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How best to understand America’s competing national myths?

As someone engaged in crafting a rebooted national narrative for the United States I was excited to see that Richard Slotkin had a book coming out on our country’s competing national myths. Slotkin, Olin Professor of English and American Studies emeritus at Wesleyan University, is a titan in the field and has been writing about the American mythos for as long as I’ve been alive, and the new book, A Great Disorder: National Myth and the Battle for America, promised to bring together his lifetime of insights and scholarship on this vital topic.

 

 

It’s vital because no country can long survive without a compelling national story. Nations are abstractions, their power dependent on individual people believing in their existence, distinctiveness and “story” of origin, purpose, and potential futures. This has been especially true for the United States because we’re an awkward federation of rival regional cultures that have never agreed on a lot of essentials, like what “freedom” means or what the correct relationship is between church and state, government and people, individual liberty and the common good. Part of the reason the U.S. is in crisis is because we lost our civic national story – the one based on the ideals set forth in the Declaration of Independence – and authoritarian ethnonationalist demagogues found theirs. The core work of Nationhood Lab, the project I founded at Salve Regina University’s Pell Center for International Relations and Public Policy, is developing, testing, and helping deploy a rebooted civic national story that resonates with Americans today.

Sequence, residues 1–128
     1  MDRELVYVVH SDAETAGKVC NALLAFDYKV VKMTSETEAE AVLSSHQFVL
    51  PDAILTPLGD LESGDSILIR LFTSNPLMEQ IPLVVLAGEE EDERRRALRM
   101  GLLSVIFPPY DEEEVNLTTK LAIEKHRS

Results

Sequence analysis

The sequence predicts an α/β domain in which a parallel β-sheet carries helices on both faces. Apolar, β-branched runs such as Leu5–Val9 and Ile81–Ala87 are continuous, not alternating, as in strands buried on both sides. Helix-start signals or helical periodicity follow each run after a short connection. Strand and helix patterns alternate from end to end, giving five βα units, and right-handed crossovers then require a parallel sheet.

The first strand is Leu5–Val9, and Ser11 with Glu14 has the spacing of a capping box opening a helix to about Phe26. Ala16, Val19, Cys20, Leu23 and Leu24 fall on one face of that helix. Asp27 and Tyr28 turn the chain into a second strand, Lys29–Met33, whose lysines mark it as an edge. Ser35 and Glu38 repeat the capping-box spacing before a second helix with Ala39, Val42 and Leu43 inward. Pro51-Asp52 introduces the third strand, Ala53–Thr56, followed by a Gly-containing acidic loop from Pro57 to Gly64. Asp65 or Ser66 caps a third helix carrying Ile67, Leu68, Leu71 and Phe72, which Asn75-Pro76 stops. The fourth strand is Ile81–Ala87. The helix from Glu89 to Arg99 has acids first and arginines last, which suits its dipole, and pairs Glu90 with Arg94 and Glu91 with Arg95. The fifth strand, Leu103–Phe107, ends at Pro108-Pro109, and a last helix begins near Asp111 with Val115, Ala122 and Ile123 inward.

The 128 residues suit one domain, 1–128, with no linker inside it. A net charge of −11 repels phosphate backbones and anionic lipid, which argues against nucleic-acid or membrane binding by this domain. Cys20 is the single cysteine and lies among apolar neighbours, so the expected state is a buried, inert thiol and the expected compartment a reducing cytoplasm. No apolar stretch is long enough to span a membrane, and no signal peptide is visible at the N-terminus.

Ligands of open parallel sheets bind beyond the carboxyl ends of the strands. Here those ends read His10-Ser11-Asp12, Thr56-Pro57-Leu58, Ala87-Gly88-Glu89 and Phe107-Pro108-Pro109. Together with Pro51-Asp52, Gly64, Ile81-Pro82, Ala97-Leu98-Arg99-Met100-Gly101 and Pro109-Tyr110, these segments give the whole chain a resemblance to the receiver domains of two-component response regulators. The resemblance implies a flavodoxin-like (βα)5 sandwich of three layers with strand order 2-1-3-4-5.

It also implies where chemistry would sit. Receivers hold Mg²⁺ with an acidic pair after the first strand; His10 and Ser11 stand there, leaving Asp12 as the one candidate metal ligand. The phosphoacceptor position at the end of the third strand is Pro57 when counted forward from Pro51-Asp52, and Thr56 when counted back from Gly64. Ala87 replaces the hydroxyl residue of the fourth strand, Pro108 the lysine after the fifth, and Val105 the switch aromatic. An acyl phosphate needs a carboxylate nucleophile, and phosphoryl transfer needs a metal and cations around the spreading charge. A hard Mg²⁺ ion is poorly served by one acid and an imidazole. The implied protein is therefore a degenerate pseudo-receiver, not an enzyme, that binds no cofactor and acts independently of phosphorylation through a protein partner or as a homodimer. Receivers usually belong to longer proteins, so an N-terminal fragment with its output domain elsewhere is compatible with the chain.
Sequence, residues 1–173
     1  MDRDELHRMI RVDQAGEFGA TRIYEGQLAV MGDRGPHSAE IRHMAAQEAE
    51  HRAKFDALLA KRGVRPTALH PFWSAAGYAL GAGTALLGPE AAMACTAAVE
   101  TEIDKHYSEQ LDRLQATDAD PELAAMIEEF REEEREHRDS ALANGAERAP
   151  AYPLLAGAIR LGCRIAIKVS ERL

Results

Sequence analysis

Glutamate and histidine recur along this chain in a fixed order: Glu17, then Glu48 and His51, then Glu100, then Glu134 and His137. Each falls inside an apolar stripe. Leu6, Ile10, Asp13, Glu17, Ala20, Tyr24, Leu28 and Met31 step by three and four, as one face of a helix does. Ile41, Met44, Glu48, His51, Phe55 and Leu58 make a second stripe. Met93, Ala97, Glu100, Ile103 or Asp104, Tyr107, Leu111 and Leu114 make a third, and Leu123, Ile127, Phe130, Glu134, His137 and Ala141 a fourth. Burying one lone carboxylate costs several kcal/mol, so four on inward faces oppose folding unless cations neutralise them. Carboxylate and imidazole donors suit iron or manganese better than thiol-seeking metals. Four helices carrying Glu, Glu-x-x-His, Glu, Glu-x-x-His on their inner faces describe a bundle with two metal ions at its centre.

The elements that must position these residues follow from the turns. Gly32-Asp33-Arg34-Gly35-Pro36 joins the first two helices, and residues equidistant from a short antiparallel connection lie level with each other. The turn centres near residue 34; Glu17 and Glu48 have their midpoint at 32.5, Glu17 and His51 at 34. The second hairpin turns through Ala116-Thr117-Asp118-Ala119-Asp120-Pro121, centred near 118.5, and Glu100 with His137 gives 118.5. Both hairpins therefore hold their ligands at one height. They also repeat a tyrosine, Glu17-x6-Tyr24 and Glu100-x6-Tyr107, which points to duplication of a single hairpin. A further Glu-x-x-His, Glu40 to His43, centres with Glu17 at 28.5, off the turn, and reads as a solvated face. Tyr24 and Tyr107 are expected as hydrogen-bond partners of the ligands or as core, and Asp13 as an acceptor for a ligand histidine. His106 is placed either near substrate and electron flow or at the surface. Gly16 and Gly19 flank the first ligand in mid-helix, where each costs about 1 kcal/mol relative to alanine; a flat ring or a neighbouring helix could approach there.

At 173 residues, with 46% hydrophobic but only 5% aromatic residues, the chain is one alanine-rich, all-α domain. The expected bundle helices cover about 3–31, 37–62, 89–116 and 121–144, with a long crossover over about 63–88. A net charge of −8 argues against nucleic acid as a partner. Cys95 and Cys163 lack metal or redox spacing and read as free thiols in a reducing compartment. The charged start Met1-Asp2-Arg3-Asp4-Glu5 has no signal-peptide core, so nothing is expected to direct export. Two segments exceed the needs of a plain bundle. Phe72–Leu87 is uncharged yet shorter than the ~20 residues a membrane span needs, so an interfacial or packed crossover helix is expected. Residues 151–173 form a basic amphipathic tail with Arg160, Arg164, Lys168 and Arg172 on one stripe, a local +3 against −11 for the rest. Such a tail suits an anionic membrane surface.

But as I write in this review essay in the new issue of Washington Monthly, when it comes to organizing, analyzing and bringing clarity to our competing national myths, A Great Disorder unfortunately winds up being pretty disorderly. “The publisher’s synopsis says Slotkin has identified five core myths, but the text enumerates at least seven: the Frontier, the Founding, Liberation, the Lost Cause, the Good War, the Movement, and Blue America,” I wrote in the piece. “And when you parse the text to try to define each one, you’ll find that some of the most important ones are divided into subvariants that are in Manichean opposition to one another, though Slotkin often doesn’t differentiate between them thereafter. And with that shortcoming, the analytical utility of the whole exercise falls apart.”

You can read the full review at the Monthly, where you’ll also find a related review of another scholar’s book on Daniel Webster and the American myth. I’ve also recently written about Frederick Jackson Turner’s Frontier Thesis in Smithsonian Magazine and discussed the importance of having one with Yascha Mounk.